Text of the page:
GROIN: a fast optical adjustment of a Kirkpatrick–Baez set-up
A very simple and compact optical device aimed at the fast adjustment, alignment and bending of the mirrors of a Kirpatrick–Baez system used in the X-ray domain is described.
Focusing systems based on a couple of crossed elliptical mirrors in the so-called Kirpatrick–Baez (KB) configuration (Kirkpatrick & Baez, 1948) are nowadays very common on synchrotron facilities all around the world. While the ultimate focusing ability of a KB is about one order of magnitude inferior than that of a Fresnel zone plate (FZP), its achromaticity plus a larger focal length play in favor of a KB solution for extended X-ray spectroscopy experiments, when moreover some space is needed around the sample.
Nevertheless, in the X-ray regime, that is to say above 1 keV, the actual situation is slightly more complicated than the ideal one for several reasons. First, a set of KB mirrors is more complicated to design and to adjust than a FZP. Second, sweeping the energy by means of a monochromator (a two-crystal or channel-cut) in order to perform spectroscopy will always cause slight displacements of the beam which, given the very grazing incidence of the optics, will perturb the ideal tuning of the mirrors. This is especially the case at low energies (around 2–4 keV) where the change in Bragg angle as a function of the energy is very large. As a consequence, the size and the position of the beam on the sample may change during an X-ray absorption spectrum. While tracking this movement and correcting it can be implemented for a FZP as well as for the sample holder, this becomes barely feasible for a heavy ensemble like a KB. Moreover, most of the microfocused beamlines use an undulator which does not have a very precise definition of its optical source. Finally we may want to slightly change the focusing size or the focusing position for some experiments.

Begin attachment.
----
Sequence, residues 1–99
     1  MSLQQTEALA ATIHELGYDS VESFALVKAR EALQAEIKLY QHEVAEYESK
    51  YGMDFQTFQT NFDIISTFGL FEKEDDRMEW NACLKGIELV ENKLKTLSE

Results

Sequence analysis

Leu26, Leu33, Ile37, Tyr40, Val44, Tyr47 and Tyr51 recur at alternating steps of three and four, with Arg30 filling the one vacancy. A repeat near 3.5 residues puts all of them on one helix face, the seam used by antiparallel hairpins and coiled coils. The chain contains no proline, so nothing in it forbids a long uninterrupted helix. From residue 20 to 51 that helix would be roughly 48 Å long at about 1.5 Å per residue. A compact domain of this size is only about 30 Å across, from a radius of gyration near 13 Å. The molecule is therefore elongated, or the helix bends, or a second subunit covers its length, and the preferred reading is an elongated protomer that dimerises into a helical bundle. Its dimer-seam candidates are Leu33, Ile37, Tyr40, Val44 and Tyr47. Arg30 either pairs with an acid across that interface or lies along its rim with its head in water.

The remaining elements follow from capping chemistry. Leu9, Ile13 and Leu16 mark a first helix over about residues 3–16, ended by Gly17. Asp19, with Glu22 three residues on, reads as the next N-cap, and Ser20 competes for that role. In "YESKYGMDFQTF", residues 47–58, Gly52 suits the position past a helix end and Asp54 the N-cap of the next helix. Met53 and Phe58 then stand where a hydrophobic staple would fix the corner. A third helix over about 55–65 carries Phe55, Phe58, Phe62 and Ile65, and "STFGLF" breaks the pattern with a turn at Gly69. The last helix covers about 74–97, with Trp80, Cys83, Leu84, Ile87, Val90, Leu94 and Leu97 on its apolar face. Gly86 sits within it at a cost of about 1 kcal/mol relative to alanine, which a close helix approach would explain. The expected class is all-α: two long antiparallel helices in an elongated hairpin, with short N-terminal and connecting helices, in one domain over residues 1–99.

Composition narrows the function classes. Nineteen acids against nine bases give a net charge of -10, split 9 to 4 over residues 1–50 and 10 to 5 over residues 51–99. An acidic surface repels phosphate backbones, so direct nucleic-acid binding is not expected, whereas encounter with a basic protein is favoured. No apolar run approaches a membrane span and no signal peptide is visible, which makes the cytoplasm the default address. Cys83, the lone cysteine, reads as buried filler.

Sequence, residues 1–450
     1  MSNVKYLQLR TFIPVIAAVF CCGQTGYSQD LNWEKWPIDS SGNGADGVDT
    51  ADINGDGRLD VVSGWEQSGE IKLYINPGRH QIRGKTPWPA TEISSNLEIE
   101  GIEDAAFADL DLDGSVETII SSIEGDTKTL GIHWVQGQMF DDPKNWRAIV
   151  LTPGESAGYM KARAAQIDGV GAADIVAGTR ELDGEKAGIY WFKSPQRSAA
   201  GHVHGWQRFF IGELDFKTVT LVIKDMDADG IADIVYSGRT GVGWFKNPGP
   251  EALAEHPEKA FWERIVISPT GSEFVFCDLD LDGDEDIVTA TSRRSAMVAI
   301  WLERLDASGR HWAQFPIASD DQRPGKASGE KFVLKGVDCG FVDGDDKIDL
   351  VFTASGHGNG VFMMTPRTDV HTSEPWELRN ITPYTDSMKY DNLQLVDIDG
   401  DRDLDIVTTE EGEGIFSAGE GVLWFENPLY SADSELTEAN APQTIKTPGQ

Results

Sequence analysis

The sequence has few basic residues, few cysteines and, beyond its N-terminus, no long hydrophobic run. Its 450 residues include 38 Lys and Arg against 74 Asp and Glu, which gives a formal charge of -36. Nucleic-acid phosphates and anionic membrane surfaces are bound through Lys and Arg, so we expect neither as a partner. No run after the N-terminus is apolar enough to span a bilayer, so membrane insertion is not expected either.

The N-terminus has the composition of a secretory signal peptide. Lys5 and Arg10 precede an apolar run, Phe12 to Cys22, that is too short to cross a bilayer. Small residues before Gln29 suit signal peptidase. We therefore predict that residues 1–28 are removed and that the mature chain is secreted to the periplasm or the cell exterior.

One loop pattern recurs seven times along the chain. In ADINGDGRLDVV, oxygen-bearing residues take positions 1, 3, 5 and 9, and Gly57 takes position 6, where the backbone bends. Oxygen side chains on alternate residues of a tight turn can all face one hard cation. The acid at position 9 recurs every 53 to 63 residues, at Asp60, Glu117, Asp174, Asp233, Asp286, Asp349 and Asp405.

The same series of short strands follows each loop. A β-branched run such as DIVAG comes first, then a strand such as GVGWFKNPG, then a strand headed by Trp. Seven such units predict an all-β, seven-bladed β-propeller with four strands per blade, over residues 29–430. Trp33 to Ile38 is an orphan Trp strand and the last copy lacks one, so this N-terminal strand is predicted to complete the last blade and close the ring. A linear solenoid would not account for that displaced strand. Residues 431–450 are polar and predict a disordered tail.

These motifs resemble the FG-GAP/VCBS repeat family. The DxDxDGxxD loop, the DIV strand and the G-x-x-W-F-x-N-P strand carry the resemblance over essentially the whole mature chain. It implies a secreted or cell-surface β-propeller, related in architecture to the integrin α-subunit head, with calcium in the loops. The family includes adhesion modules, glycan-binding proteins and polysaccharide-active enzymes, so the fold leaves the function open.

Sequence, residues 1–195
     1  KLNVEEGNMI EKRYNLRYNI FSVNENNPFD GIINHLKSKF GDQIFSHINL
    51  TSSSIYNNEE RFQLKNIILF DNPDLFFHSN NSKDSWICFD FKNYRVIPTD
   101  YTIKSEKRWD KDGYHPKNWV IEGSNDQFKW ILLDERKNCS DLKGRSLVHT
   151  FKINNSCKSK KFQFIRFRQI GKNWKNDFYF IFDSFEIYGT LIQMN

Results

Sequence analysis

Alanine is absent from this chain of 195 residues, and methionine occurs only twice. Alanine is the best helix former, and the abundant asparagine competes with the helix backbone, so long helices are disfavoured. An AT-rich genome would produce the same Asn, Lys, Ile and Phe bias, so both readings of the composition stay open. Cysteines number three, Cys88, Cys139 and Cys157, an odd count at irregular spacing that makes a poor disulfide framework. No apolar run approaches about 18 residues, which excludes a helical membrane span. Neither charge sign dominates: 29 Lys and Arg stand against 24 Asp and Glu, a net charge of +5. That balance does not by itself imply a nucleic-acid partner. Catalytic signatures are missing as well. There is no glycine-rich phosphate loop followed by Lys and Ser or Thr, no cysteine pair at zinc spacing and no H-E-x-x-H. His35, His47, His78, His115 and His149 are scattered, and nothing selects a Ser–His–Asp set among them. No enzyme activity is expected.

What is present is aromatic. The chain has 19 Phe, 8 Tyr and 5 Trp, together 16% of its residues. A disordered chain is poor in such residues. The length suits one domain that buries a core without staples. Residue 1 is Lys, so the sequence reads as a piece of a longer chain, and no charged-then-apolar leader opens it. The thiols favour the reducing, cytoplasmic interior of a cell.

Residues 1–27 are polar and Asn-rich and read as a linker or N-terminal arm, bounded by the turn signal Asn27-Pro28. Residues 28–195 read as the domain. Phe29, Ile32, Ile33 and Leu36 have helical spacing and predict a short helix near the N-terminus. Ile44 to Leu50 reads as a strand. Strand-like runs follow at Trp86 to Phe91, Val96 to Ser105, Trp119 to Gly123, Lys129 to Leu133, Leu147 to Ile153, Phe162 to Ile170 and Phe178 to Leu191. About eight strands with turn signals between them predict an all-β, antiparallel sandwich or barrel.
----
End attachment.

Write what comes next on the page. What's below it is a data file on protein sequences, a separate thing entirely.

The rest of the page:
For all these above reasons almost all the KB systems on X-ray synchrotron beamlines are based on bendable mirrors, starting from flat mirrors and using actuators to obtain the correct optical shape. The photon spot size is then classically checked using the well known `blade-scan' technique: the derivative of the transmitted intensity versus the displacement gives the actual shape of the beam. Actually, this method has been criticized for X-ray optics, in a paper where the authors claim that the use of dots of a decreasing size to really measure the repartition of the photons in the focal spot gives more accurate results than the blade scan (Thompson et al., 2001). The true measurement of the wavefront by a Shack-Hartmann optic, very efficient in the visible and XUV (Mercère et al., 2006), becomes unreliable for harder X-rays because of saturation problems of the CCD detectors. Then, obtaining the best focusing by a `trial and error' process where the actuators of the mirrors are moved, the result measured and so on, can be very time consuming and hardly automated.